Political Notebook

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Gun-rights groups back Hoosier Republicans

Gun-rights advocates have contributed more than $585,000 to the campaigns of state and federal political candidates in Indiana since 1989, according to research by the non-partisan Sunlight Foundation.

Gun-control supporters have given less than $9,800 to Hoosier campaigns in that time.

Indiana ranked 16th nationally in the amount of money that gun-rights groups donated to candidates. California was first at nearly $2.57 million.

Nationwide, gun-rights groups have made $28.3 million in direct contributions to candidates since 1989, while gun-control groups have contributed $1.9 million, the Sunlight Foundation reported Monday.

The foundation identified its data sources as the Center for Responsive Politics and the National Institute on Money in State Politics.

In the most recent election cycle, gun-rights advocates – including the National Rifle Association, Safari Club International and people associated with gun-rights groups – backed five of the six Republicans who won congressional seats in Indiana.

Only Fort Wayne native Susan Brooks, who was elected in the 5th District, did not receive contributions ahead of the Nov. 6 election. Brooks did get an NRA contribution for $1,000 about two weeks later, according to a post-election campaign finance report filed with the Federal Election Commission.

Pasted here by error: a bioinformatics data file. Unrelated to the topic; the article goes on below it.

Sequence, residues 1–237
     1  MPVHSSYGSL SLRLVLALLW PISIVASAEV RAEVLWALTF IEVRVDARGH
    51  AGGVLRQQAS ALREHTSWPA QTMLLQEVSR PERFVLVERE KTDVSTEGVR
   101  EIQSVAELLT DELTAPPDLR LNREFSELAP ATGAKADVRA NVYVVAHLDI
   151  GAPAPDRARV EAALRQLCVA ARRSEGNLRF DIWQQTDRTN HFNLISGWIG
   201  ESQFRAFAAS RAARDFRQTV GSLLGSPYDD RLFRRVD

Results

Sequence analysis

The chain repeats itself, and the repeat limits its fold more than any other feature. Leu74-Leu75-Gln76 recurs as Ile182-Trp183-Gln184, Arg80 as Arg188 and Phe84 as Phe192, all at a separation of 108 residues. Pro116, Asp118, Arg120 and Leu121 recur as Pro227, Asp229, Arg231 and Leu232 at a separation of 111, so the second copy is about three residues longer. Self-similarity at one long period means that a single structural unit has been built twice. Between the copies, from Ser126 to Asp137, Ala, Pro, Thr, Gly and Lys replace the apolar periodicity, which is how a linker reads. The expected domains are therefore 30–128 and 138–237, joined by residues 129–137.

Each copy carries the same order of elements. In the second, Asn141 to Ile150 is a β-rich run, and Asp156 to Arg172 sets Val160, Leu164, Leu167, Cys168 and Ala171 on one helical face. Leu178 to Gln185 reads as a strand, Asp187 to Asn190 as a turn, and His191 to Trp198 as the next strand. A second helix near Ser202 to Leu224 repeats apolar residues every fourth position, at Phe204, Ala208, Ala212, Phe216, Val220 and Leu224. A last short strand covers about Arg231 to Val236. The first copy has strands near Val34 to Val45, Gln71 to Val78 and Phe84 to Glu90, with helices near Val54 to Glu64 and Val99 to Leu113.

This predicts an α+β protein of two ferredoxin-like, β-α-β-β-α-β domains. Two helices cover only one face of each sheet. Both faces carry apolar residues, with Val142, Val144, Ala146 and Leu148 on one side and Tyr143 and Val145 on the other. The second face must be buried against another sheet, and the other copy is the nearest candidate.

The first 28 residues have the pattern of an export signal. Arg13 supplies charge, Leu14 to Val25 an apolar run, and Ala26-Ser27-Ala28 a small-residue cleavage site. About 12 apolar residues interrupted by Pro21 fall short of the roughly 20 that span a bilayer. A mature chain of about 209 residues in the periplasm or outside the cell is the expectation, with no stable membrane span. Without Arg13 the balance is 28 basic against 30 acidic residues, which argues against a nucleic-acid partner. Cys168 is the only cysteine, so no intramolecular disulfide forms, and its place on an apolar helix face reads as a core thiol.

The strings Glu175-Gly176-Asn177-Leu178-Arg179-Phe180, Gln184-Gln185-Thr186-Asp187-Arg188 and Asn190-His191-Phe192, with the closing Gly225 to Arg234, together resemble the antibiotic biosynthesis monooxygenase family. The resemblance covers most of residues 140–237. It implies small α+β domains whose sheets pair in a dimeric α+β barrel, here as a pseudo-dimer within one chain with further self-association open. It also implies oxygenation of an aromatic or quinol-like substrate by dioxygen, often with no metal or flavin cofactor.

Rep. Marlin Stutzman, R-3rd, received $3,500 in donations, less than any Hoosier Republican except freshman Rep. Luke Messer, R-6th. Both Stutzman and Messer won election in districts where they were heavy favorites to defeat their Democratic rivals.

Gun-rights advocates contributed more than $19,400 to the campaign of Richard Mourdock, who defeated six-term incumbent Sen. Richard Lugar in the Republican primary election but was beaten by Democrat Joe Donnelly in the general election.

No Indiana Democrats in the 2011-12 election cycle received contributions from gun-rights groups, according to Sunlight Foundation data, and no candidates of either party collected donations from gun-control advocates.

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